NOAA Satellite Information System

NOAA's Geostationary and Polar-Orbiting Weather Satellites

Operating the country's system of environmental satellites is one of the major responsibilities of the National Oceanic and Atmospheric Administration's (NOAA's) National Environmental Satellite, Data, and Information Service (NESDIS). NESDIS operates the satellites and manages the processing and distribution of the millions of bits of data and images theses satellites produce daily. The primary customer is NOAA's National Weather Service. Satellite data is also shared with various Federal agencies; other countries; and the private, public, and academic sectors.

NOAA's operational weather satellite system is composed of two types of satellites: geostationary operational environmental satellites (GOES) and polar-orbiting satellites. Both types of satellite are necessary for providing a complete global weather monitoring system.

A new series of GOES and polar-orbiting satellites has been developed for NOAA by the National Aeronautics and Space Administration (NASA) and NOAA. The new GOES-R series provide higher spatial and temporal resolution images and lightning data. The newest polar-orbiting meteorological satellites, Joint Polar Satellite System (JPSS), provide improved atmospheric temperature and moisture data in all-weather situations. This new technology helps the National Weather Service to provide weather, water, and climate data, forecasts and warnings for the protection of life and property and enhancement of the national economy.

Geostationary Operational Environmental Satellites (GOES)

GOES satellites provide the kind of continuous monitoring necessary for intensive data analysis. They circle the Earth in a geosynchronous orbit, which means they orbit the equatorial plane of the Earth at a speed matching the Earth's rotation. This allows them to hover continuously over one position on the surface. The geosynchronous plane is about 35,800 km (22,300 miles) above the Earth, high enough to allow the satellites a full-disc view of the Earth. Because they stay above a fixed spot on the surface, they provide a constant vigil for the atmospheric "triggers" for severe weather conditions such as tornadoes, flash floods, hailstorms, and hurricanes. When these conditions develop, the GOES satellites are able to monitor storm development and track their movements.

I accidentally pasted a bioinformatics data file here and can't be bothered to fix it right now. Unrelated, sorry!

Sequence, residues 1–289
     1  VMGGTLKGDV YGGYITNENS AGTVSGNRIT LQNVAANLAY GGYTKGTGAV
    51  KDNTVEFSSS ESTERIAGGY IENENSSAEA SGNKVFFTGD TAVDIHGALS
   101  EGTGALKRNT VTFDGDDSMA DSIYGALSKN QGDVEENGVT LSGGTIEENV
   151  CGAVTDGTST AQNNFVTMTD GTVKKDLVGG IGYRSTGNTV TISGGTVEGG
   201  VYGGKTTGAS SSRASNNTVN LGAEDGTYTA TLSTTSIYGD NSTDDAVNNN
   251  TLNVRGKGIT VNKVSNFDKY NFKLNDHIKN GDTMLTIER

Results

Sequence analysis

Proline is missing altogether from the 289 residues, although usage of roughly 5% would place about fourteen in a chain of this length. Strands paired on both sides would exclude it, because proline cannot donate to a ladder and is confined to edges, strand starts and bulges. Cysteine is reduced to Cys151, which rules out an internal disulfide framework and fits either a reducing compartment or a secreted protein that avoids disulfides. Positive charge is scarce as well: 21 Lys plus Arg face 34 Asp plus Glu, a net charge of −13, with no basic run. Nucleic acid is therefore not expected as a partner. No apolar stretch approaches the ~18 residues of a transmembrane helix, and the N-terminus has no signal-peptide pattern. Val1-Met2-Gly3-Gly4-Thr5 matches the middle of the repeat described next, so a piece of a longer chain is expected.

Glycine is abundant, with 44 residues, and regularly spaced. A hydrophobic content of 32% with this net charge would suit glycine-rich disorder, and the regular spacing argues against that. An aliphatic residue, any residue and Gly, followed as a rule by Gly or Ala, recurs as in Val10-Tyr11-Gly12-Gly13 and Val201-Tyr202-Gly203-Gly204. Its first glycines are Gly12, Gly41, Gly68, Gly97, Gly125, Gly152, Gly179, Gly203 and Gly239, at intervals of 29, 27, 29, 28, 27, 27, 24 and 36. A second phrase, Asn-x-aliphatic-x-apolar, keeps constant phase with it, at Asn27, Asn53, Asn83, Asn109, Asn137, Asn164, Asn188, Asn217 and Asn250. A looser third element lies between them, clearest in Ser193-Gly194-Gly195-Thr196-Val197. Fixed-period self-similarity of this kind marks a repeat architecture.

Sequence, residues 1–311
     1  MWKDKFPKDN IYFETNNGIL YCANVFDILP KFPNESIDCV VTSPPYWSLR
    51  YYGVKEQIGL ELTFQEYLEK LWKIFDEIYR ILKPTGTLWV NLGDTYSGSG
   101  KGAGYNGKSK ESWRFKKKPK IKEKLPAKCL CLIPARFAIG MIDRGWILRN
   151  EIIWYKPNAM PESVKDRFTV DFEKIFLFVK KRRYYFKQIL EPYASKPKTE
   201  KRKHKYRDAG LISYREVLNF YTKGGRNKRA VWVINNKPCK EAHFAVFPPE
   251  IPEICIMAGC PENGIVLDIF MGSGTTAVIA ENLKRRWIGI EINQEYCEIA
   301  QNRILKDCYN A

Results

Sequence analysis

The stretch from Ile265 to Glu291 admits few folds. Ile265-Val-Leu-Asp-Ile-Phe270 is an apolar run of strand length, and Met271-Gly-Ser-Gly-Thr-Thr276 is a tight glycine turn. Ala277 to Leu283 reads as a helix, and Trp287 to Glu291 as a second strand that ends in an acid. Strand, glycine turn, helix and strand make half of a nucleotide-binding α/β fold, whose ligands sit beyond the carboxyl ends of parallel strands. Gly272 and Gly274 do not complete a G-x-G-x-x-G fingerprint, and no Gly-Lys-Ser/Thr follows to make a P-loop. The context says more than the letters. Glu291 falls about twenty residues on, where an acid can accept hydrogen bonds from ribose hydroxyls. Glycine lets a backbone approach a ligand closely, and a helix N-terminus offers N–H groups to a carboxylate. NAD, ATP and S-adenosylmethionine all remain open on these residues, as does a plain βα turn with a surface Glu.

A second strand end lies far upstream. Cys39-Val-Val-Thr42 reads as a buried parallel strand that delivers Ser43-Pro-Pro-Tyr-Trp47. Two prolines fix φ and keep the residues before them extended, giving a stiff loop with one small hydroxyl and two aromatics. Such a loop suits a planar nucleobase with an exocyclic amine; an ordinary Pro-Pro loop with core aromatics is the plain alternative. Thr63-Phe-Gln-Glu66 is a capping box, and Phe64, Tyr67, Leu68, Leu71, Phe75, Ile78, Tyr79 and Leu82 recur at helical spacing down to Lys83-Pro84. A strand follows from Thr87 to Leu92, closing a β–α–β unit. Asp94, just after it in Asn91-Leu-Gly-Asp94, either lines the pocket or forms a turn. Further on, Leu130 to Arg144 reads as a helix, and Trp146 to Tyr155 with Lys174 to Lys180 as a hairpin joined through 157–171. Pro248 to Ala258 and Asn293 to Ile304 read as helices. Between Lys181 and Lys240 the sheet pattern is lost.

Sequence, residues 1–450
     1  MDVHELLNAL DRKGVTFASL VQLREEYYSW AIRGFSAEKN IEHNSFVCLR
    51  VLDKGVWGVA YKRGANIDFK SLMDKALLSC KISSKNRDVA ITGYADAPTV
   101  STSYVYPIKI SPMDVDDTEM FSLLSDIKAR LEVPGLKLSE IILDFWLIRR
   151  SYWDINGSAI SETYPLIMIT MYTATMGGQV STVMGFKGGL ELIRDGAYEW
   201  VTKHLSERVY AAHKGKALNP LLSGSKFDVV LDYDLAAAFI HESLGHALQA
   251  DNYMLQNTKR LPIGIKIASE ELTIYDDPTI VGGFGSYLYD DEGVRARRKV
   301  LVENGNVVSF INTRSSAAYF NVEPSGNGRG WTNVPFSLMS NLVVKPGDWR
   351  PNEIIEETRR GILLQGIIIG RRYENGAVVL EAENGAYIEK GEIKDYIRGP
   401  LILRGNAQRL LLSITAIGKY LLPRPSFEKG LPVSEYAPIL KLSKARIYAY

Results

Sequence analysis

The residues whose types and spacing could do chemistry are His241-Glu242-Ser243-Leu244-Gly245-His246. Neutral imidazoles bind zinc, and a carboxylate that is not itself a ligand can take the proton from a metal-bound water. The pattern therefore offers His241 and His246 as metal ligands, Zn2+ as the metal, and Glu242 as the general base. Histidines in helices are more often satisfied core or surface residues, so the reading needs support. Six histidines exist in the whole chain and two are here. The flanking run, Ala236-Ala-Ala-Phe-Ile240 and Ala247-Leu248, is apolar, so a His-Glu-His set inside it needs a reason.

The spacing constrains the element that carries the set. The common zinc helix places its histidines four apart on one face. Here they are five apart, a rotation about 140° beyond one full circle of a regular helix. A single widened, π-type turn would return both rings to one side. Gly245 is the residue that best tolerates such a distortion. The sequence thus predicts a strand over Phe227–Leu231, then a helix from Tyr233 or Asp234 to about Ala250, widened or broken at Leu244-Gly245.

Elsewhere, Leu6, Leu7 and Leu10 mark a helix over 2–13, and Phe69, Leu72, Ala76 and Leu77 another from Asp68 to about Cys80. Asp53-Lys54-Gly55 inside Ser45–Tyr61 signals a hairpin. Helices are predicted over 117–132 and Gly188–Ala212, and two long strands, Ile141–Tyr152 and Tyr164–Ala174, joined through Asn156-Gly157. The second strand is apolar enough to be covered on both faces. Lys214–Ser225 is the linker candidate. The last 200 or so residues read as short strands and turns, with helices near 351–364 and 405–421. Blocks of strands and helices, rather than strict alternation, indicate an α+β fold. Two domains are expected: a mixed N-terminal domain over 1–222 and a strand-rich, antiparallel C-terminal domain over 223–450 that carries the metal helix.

NASA launched the first GOES for NOAA in 1975. The GOES-N series includes GOES-15, which was launched in 2010.

The latest generation of GOES is the GOES-R series. The satellites in the GOES-R Series are:

GOES-R Series Spacecraft

Currently, NOAA is operating GOES-15 in the GOES West position and GOES-16 in the GOES East position.

GOES Constellation

GOES East and GOES West

The United States normally operates two meteorological satellites in geostationary orbit over the equator. Each satellite views almost a third of the Earth's surface: one monitors North and South America and the Atlantic Ocean, the other North America and the Pacific Ocean basin. GOES-16 (or GOES-East) is positioned at 75.2 W longitude and the equator, while GOES-15 (GOES-West) is positioned at 135 W longitude and the equator. The two operate together to produce a full-face picture of the Earth, day and night. GOES-17 will be moved to its GOES West position at 137 degrees West late in 2018. This figure shows the coverage provided by each satellite.

GOES 17 coverage
Illustration by David Pogorzala

For GOES-15 the main mission is carried out by the primary instruments, the Imager and the Sounder. The imager is a multichannel instrument that senses radiant energy and reflected solar energy from the Earth's surface and atmosphere. The Sounder provides data to determine the vertical temperature and moisture profile of the atmosphere, surface and cloud top temperatures, and ozone distribution.

Other instruments on board the spacecraft are a Search and Rescue transponder, a data collection and relay system for ground-based data platforms, and a space environment monitor. The latter consists of a magnetometer, an X-ray sensor, a high energy proton and alpha detector, and an energetic particles sensor. All are used for monitoring the near-Earth space environment or solar "weather." GOES-15, the newest satellite also carries a Solar X-Ray Imager (SXI).